A rhetorical figure can be defined as an artful deviation in the form taken by a statement. Since antiquity dozens of figures

Abstract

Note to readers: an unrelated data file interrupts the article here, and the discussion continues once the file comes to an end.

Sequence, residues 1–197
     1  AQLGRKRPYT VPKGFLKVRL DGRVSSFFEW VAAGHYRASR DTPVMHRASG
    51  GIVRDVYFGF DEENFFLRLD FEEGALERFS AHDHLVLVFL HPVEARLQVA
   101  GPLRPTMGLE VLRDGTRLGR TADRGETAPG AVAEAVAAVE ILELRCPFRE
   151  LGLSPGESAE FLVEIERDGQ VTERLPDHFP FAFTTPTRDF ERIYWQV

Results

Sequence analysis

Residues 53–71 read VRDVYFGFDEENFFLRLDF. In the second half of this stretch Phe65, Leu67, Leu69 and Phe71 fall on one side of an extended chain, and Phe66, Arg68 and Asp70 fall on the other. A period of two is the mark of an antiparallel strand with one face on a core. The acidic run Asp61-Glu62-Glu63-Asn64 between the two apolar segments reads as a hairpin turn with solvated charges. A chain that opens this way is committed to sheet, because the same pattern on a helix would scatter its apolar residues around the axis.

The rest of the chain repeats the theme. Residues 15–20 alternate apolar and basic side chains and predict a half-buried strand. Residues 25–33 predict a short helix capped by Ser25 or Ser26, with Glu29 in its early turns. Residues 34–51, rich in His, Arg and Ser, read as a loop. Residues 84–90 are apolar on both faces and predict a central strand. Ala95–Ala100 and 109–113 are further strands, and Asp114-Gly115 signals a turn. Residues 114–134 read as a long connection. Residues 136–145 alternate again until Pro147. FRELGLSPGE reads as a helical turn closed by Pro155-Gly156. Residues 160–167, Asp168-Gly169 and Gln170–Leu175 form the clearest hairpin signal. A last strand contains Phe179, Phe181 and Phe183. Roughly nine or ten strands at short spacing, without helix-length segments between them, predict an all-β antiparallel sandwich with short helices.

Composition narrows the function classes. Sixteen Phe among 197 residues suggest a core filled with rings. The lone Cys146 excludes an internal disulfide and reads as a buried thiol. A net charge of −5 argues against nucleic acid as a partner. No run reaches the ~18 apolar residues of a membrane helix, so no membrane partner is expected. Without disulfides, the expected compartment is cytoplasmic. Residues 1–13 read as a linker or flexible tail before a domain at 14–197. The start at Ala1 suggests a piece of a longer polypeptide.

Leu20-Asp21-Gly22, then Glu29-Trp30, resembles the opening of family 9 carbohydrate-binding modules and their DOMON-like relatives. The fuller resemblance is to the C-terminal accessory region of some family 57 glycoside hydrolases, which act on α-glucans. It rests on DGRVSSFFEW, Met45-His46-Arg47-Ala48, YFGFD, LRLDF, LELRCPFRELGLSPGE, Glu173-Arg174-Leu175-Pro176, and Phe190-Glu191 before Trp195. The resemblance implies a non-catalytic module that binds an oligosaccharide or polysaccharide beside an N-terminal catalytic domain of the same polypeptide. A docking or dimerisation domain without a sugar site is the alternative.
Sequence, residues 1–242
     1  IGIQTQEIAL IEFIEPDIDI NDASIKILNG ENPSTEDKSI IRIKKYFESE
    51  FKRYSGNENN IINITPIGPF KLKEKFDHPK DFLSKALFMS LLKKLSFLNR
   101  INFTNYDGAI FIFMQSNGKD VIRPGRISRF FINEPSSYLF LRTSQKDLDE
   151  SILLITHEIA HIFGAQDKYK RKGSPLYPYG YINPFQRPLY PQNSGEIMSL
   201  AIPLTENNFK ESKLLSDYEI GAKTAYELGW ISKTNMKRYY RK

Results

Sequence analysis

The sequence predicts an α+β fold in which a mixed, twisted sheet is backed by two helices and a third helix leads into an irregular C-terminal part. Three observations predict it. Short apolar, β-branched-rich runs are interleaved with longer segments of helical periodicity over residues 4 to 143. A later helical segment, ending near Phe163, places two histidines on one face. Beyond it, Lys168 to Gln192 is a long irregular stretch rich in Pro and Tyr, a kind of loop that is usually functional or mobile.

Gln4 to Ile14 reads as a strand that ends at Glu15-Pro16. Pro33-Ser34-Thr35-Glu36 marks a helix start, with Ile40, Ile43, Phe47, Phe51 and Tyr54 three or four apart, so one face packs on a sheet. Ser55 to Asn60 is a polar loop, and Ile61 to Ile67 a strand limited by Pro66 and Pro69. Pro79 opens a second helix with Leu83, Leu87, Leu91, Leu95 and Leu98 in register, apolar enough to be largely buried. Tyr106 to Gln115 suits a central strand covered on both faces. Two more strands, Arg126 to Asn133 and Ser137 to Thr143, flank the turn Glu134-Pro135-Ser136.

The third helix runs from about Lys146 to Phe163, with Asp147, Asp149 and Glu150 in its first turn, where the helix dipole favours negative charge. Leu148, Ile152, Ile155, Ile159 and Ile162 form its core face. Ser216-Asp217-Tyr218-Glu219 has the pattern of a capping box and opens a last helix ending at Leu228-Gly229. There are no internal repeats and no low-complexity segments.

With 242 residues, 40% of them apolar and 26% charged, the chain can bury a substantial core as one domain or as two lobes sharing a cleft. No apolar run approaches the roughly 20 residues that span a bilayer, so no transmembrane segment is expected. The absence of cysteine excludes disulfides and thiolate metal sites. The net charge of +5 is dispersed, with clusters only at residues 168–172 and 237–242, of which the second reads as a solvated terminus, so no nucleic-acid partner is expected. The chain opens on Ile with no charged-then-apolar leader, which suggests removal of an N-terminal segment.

A rhetorical figure can be defined as an artful deviation in the form taken by a statement. Since antiquity dozens of figures have been catalogued, ranging from the familiar (rhyme, pun) to the obscure (antimetabole). Despite the frequent appearance of rhetorical figures in print advertisements, their incorporation into advertising theory and research has been minimal. This paper develops a framework for classifying rhetorical figures that distinguishes between figurative and non-figurative text, between two types of figures (schemes and tropes), and among four rhetorical operations that underlie individual figures (repetition, reversal, substitution, destabilization). These differentiations in the framework are supported by preliminary validation data and linked to suggested consumer responses. The paper concludes by considering the theoretical import of the proposed framework for future research on rhetorical structure in advertising.

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